WEST HAM V LIVERPOOL
Aaron Cresswell was lucky to stay on the pitch.
Yet again we have seen inconsistency from VAR. This one was similar to Mason Holgate’s which he saw red for in Everton’s draw with Spurs, as it endangered the player’s safety.
Cresswell’s foot caught the top of the ball and and his follow-through crashed in Jordan Henderson’s knee.
Amazingly, referee Craig Pawson did not even award a free-kick.
I do not think there would be any complaints if VAR Stuart Attwell had recommended a review for a red card.
However, Jurgen Klopp can have no issue over West Ham’s opening goal.
There was no foul and his goalkeeper Alisson has got to be stronger in that situation.
Diogo Jota collided with Angelo Ogbonna in another first-half incident and while the West Ham defender was hurt after being caught by an elbow, it was totally accidental.
BRIGHTON V NEWCASTLE
If you are watching an incident for more than two minutes you will end up seeing whatever you want to find.
I can understand if referee David Coote had a given a penalty straight away.
You could argue there was contact from Newcastle defender Ciaran Clark who was naïve.
Coote was perfectly placed and did not see any foul at all. Was that a clear and obvious error?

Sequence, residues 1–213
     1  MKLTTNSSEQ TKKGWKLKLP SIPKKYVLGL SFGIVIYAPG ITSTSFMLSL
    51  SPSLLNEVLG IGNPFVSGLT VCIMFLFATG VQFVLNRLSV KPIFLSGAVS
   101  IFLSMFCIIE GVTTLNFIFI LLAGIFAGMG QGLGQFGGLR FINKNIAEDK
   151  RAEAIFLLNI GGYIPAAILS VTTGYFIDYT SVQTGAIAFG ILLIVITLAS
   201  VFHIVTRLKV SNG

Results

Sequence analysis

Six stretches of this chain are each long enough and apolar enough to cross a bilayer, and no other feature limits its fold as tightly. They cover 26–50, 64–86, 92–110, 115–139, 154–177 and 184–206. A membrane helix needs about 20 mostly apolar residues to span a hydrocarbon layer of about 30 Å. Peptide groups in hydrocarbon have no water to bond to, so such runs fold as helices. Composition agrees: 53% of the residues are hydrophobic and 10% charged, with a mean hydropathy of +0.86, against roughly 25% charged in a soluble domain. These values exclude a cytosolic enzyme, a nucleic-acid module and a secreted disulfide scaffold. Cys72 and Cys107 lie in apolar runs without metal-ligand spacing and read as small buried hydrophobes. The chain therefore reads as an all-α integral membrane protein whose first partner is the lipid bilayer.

It simply cannot have been because it took VAR Craig Pawson more than two minutes.
Pawson has effectively re-refereed that incident.
Alex Telles fouled Gabriel Jesus in the Manchester derby in a very similar incident and VAR did not intervene. Where is the consistency?
ARSENAL V WATFORD
It is easy to understand why Claudio Ranieri was so angry at full-time.
You can argue it was a foul on Ismaila Sarr by Ainsley Maitland-Niles.
But is should never have taken VAR Jarred Gillett two minutes to look at the incident.
I think that Ranieri has taken his frustration from all of that and directed it at Arsenal.
Mikel Arteta’s side were not obliged to kick the ball out of play so that Sarr could receive medical attention.
EVERTON V SPURS
VAR official Jon Moss has got this one right.
Referee Chris Kavanagh is in a great position and you can clearly see Hugo Lloris got his hand on the ball before making contact with Richarlison.
The Everton forward bounced straight back to his feet – which is unlike him!
Mason Holgate was correctly sent off for challenge on Pierre-Emile Hojbjerg which endangered the Spurs player’s safety.
Holgate cleared the ball initially.
But his follow-through caught Hojbjerg high on his leg and it was the correct decision to upgrade from a yellow to a red card.
Cresswell’s tackle on Henderson was accidental (by pure bad luck, the ball propelled his foot upwards and into Henderson). If Jota’s elbow (which looked far more cynical) can be dismissed as an accident, Cresswell’s tackle (which caused much less damage) can be read in the same way.
IF Cresswell is sent off for that tackle, then Jota must go for his elbow …… and how about a yellow card for Mo Salah’s dive for the free kick??